Myself, and my colleague Brooke, attended the BEBPA US virtual meeting last week and reported back on the presentation and round table discussions on relative potency software.
The key driver for these sessions was the experience that many have had of different software and different versions of the same software giving different results, and the problems this causes with RP values, and system and sample suitability criteria when transferring assays to different labs.
The discussions focussed around the concept of bridging between software using test data sets. However, the reasons for the differences seen were not clearly explained and are in fact just mathematical. No “bridging” exercise, in the sense of testing a few data sets on both systems as suggested, is required. In fact, doing so may simply provide a false sense of security.
In light of these discussions, Brooke and I worked together with the team here at Quantics, to put together a series of 3 short blogs. These are structured to look at the key issues so that software users can understand what is required to “bridge” software mathematically, and why there may still be differences.
Blog 1. Equations and algorithms.
During the presentation there was a degree of confusion between the terms equation or formula and algorithms, but they are different and the difference is important to aid understanding. An equation or formula is a mathematical relationship or rule expressed in symbols. An algorithm is a finite sequence of well-defined instructions, typically used to solve a class of specific problems or to perform a computation.
The presenter stressed that there were several different formulae used for a 4pl and that these give rise to different results. We were told that:
- It was important that both sets of software use the same one
- The formulae chosen was the one that the regulators support.
This is incorrect.
It is true that the USP, PhEur and other mathematical references give examples of apparently different equations for the 4pl, but the key point is that they are all mathematically identical, and will therefore always give identical results. The formulae differ in how the parameters in the equation are defined. This is called parameterisation and the regulators will accept any parameterisation as it makes no difference to the results (RP and confidence intervals).
It is a bit like a recipe for your favourite brownies. In the formula (ingredients and temperatures) the quantities can be expressed in ounces or grams, the temperature in degrees centigrade or Fahrenheit. Once you know this, it is simple to “translate” from one to the other. You don’t have to do a bridging exercise making the brownies in both ways (unless you really like brownies.)
|Metric parameterisation||US parameterisation|
|Oven temperature||180oC||347 oF|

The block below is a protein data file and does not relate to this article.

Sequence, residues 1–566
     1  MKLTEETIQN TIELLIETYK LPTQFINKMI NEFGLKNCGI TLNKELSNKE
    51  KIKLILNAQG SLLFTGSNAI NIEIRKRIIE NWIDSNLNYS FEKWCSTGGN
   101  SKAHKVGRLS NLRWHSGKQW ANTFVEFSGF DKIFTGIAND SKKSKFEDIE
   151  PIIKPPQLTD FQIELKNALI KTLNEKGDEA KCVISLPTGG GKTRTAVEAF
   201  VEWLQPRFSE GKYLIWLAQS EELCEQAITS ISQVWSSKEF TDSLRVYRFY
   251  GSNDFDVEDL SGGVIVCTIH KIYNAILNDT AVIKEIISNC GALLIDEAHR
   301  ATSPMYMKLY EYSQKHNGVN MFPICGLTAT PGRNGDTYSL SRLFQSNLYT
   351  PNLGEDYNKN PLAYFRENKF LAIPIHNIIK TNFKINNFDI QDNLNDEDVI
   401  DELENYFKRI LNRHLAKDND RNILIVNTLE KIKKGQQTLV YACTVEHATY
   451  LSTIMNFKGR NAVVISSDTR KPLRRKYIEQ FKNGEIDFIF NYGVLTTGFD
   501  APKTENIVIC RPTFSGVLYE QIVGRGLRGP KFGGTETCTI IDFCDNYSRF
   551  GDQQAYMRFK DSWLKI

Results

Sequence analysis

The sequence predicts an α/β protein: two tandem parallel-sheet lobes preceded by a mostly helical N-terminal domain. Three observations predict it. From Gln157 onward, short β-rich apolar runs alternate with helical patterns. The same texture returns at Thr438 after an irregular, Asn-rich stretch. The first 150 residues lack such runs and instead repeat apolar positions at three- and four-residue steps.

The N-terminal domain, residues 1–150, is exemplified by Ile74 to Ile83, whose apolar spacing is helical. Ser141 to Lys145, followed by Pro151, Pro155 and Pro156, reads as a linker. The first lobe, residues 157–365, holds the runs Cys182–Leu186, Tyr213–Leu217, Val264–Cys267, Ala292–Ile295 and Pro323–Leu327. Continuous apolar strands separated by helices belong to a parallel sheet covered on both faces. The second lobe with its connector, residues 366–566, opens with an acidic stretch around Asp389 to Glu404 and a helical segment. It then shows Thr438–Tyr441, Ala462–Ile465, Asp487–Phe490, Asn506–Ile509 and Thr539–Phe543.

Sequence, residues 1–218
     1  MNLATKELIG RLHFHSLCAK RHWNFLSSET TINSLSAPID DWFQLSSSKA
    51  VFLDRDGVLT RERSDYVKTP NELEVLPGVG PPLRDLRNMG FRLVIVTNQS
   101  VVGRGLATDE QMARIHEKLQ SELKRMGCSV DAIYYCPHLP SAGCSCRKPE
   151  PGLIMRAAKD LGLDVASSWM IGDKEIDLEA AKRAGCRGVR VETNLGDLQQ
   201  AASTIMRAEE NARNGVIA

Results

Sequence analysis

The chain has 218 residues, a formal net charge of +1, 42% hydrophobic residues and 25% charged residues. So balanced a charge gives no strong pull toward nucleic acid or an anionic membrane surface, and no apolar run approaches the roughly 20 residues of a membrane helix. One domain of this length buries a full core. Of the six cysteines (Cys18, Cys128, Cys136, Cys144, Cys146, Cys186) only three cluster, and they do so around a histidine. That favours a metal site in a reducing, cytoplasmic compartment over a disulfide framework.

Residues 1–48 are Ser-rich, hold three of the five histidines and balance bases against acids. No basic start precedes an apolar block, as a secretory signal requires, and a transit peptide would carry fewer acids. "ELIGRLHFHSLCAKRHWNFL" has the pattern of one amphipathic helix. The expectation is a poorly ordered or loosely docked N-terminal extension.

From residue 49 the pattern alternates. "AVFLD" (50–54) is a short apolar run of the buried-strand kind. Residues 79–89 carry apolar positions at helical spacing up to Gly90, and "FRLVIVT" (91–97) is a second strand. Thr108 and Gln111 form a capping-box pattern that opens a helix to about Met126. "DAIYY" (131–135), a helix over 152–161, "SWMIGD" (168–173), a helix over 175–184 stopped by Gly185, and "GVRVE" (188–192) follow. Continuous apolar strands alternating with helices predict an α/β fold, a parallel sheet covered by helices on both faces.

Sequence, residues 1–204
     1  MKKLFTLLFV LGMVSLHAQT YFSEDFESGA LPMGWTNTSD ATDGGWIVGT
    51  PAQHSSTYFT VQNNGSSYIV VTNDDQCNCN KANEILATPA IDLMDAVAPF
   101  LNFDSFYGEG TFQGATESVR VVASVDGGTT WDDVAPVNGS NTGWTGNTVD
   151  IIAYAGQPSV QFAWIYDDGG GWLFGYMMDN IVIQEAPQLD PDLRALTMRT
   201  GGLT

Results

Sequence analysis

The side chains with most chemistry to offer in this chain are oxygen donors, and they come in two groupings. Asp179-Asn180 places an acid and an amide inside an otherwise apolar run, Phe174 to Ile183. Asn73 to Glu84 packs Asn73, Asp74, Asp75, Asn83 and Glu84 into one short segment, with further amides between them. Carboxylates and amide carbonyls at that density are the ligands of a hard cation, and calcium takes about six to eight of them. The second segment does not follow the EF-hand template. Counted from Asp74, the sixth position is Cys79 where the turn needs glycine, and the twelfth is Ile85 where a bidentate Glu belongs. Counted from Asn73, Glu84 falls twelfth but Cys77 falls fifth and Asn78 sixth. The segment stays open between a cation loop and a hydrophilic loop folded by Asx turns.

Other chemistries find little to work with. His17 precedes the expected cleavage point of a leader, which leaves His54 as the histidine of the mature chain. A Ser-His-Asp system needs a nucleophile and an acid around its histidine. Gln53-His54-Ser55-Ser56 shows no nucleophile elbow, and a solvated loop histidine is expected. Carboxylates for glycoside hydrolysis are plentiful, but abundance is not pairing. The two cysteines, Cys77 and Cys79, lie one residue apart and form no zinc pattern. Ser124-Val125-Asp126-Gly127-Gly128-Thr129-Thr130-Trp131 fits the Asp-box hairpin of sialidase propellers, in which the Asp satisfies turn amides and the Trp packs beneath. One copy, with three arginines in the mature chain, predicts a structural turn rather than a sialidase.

|Easter sugar||125g||4.41 oz|
|Dark soft brown sugar||125g||4.41 oz|
|Salt||0.4 (1 pinch)||0.014 oz|
|Plain flour||115g||4.051 oz|
|Vanilla extract||2 tsp||0.17 oz|
|Pecan nuts||To taste||To taste|
So, let’s start with the simple linear “dose response” model.
Actually, this is linear only when we consider response against log (dose).
So if y = response, a = intercept and x = log(dose)
If we wanted to express this using the raw dose – let’s label this z, we get:
Note that the symbols used are changed to reflect the changed definitions.
In this case to bridge between these two we use:
4 Parameter Logistic
The same goes for the 4pl but it is a bit more complicated!
The PhEur 5.3 section 3.4 has:
And the USP has:
The difference is that the PhEur expresses the formula in terms of x = ln(dose), whilst the USP expresses the formula in terms of z = dose.
So the “bridging” is simple algebra:
And there you have it – no bridging experiment is required. All you need is a mathematician to do the algebra. Once you have this it is a simple matter to convert all your suitability criteria to the new parameterisation, update the SOP, put the new values in the template, and you are done. Time for tea and brownies…
Whatever the parameterisation, there is zero impact on the model fit, the RP or its confidence interval.
During the presentations, some time was spent trying to relate the sign of the hill slope (B) to the slope as usually described for inhibition and absorption assays. Again this is just maths, there is no need to guess or try data sets to work this out, just differentiate the formulae and you get:
PhEUR parameterisation: Tangent to curve at midpoint (slope) =
USP parameterisation: Tangent to curve at midpoint (slope) =
It is now easy to work out whether the D and A are left, right, top, or bottom. So, for example, it was pointed out that Gen5 software (which uses the USP parameterisation) fixes B to be positive. Using the slop[e equation above for USP, this will mean that for a positive slope assay (D-A) must be positive so D is the upper asymptote and A the lower. For a negative slope assay it will be the other way round.
Some of the “different” results presented at BEBPA are entirely predictable and just a matter of maths. Bridging can be done as an exact transfer so there is no impact on validation of the assay.
However, in practise some differences in results are seen despite this direct mathematical conversion. So why is this?
The answer is that it is to do with the algorithms used to calculate the parameters for the curve fit and this is the subject of the next mini blog.
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